Aug 04, 2020 News
For many persons in the North Rupununi, fishing is a vital part of their cultural heritage, their way of life. Known for its vast wetlands and abundance of freshwater fisheries, the North Rupununi has seen a significant decrease in its fishing stock over the last decade, attributable to small and medium scale commercial fishing, as well as the significant rise in Rupununi’s population. Climate change has also played a major role in the decrease in the areas freshwater fish stock, which in turn, poses a threat to the livelihood of all those who live there.
It is with this in mind that, the North Rupununi District Development Board (NRDDB) in collaboration with the Ministry of Agriculture and several environmental organizations, has teamed up to launch a five-year Sustainable Wildlife Management Programme (SWM) that will ensure the Rupununi continues to offer sustainable options for food security as well as safeguarding the livelihood of its residents while maintaining the regions traditional lifestyles.
In a press release Tuesday last, the NRDDB announced the continuation of the piloting of the General Fisheries Management project, an initiative funded by the European Union, under the SWM Programme in the Rupununi region. According to the NRDDB, the project will see the management and preservation of the Rupununi’s inland fisheries resource in a manner that caters to the region’s
dependence on fresh water fish for sustenance and income.Speaking with Kaieteur News, Project Focal point at NRDDB, Ms. Samantha James iterated that since the commencement of the Sustainable Wildlife Management programme, the NRDDB has collected a large sum of data through community-based surveys and stringent monitoring of the use of freshwater fish in the region.
Explaining further, James pointed out that since there are no regulations governing the use of freshwater fish in Guyana, the SWM along with the NRDDB has been working tirelessly in an effort to gather the necessary information needed to present to the Ministry of Agriculture where these guidelines can then be gazetted.
Furthermore, James said that the objectives of the project include setting out adequate fishing guidelines, monitoring fish stocks and fish consumption and environmental education to the local residents. In addition to this, James noted that the project also provides employment opportunities for persons who are residing in the area. James noted that the General Management fisheries project also provides local persons with the opportunity to understand how they can manage the consumption of their fishing stocks and prevent overfishing.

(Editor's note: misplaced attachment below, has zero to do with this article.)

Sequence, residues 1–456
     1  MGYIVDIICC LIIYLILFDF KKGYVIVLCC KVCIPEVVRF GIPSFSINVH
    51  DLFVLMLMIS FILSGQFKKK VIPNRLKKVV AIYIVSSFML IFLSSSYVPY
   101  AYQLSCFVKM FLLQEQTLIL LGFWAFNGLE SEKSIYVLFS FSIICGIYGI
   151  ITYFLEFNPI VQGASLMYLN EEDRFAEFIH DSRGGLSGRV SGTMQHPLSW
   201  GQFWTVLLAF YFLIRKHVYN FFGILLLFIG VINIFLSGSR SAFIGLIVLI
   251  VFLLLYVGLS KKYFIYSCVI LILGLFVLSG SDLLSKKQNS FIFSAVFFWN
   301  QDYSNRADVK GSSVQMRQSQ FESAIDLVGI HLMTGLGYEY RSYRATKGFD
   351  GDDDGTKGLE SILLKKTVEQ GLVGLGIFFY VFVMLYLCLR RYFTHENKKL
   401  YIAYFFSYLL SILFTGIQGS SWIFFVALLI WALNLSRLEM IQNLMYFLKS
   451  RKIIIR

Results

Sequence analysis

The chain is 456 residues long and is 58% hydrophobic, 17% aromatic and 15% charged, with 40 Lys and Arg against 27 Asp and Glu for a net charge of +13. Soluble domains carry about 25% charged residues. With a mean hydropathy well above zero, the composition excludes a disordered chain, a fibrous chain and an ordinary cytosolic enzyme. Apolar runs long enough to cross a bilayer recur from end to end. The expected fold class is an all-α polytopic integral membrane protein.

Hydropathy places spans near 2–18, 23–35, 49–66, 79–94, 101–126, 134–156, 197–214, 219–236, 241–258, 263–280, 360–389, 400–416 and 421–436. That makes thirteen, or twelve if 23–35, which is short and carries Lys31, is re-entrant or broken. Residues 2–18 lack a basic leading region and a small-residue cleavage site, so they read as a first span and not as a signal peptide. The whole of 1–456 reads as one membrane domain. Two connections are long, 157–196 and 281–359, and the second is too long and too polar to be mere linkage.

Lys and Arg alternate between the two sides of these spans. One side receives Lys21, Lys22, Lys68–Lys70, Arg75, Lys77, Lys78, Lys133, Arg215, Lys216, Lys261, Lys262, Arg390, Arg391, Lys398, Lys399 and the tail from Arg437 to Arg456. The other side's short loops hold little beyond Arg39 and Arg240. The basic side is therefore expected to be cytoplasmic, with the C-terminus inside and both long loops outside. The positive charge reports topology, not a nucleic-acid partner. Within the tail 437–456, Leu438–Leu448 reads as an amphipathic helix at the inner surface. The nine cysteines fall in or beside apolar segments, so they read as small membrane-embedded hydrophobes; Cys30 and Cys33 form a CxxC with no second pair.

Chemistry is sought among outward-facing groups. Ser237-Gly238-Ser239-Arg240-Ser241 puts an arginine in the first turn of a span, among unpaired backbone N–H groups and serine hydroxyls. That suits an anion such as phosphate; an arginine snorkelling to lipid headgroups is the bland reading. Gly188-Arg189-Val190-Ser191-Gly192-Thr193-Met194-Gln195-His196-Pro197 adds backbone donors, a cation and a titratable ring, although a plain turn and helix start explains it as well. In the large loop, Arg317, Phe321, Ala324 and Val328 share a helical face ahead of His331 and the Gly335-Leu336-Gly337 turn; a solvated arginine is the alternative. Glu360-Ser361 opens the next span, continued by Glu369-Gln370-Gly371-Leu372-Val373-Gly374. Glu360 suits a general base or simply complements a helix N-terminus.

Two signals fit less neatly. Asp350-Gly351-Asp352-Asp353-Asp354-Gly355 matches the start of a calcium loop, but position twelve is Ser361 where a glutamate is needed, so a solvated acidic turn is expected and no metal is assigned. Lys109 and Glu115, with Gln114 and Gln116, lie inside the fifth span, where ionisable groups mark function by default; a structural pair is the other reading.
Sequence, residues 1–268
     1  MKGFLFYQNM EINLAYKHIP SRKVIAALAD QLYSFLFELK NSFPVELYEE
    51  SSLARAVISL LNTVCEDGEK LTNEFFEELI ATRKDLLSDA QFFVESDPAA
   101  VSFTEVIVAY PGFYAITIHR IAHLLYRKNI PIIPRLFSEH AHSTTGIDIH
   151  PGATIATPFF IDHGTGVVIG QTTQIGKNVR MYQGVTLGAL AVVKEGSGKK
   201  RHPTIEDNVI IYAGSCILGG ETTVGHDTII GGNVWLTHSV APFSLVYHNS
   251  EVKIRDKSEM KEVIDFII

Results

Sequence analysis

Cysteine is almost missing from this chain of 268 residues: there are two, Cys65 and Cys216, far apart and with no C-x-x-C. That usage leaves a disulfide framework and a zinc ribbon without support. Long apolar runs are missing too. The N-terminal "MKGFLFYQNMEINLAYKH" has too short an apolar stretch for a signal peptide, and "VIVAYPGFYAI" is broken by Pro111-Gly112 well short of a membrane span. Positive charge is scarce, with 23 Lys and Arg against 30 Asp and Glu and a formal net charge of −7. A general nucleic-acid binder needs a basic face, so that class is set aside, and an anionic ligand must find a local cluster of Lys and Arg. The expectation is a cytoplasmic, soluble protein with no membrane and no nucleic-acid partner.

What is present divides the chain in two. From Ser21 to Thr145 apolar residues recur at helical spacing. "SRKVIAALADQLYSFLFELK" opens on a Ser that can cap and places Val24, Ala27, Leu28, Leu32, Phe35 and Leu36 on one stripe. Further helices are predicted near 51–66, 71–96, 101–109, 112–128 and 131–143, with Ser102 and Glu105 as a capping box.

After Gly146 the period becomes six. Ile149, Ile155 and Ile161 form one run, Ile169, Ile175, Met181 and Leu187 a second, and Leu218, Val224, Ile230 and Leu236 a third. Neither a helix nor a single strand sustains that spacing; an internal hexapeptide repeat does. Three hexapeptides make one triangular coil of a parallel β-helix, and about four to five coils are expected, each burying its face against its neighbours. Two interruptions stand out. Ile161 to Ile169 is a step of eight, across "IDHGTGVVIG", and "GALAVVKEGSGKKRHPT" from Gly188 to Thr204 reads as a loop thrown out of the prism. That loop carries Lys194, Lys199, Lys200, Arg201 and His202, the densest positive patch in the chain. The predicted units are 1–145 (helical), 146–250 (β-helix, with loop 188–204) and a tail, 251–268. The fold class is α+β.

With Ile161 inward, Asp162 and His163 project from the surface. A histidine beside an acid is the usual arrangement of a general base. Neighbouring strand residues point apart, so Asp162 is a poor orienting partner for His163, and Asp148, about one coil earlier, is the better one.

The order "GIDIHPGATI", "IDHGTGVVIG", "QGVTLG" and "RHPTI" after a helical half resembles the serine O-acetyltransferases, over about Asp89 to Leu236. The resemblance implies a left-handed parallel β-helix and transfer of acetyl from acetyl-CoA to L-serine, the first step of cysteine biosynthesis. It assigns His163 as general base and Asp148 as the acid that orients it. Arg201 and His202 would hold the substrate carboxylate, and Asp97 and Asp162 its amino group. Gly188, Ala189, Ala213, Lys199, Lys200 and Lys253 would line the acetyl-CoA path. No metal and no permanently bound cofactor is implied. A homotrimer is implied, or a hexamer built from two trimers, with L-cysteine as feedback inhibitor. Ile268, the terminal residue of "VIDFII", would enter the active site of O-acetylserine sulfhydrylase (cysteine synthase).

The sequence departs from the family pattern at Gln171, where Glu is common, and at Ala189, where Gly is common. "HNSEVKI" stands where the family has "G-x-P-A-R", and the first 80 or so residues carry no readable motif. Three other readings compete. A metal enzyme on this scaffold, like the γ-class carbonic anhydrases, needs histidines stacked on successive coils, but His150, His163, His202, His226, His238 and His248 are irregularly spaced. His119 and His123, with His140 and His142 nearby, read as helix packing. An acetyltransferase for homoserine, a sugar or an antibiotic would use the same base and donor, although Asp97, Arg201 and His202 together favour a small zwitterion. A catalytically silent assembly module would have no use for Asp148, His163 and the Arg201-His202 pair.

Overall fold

To date, the NRDDB in collaboration with SWM has conducted numerous public consultations and training sessions with the local residents with the hopes of spreading the message of sustainable management of fresh water fisheries.
James told this paper that teams comprised of both local and international environmentalists have also conducted a series of workshops and training sessions with persons involved in commercial fishing exercises on sustainable use of the fish stock. In addition to this, the team has also conducted monitoring exercises with the aim of determining the quantity and type of fish that is being taking out of the rivers in the area.
As with everything else, the implementation of the five-year project has been met with its own challenges. According to James, some member communities, commercial fishers and individuals have continued to flout the rules in the management plan.
However, the most significant issue faced has been the Covid-19 pandemic.
“Because of social distancing, we have been unable to hold meetings with fishers and community leaders to address and advice on implementation of the plan and research,” James said.
In addition, James was keen to note that the threat of COVID-19 has posed many difficulties since the community census and feedback is necessary for the successful implementation of the management plan nonetheless; the board indicated that the Fisheries Team is committed to ensuring the continuation of its work through strict adherence to the COVID-19 guidelines.
According to the NRDDB, a diverse and rich fish stock is important not only for the rivers, but for helping to maintain a thriving ecosystem and supporting the many people who depend on the resource for food. The SWM general fisheries project will ensure that community members have equal access to fish resources for home use and commercial use and to support the communities’ ability to create and enforce resource management bylaws for fish use.
All things considered, the NRDDB is of the opinion that, through the implementation of the SWM programme, the Rupununi will see a significant improvement in both the quantity and quality of the region’s fish stock and the safeguarding of the region’s resources for generations to come.
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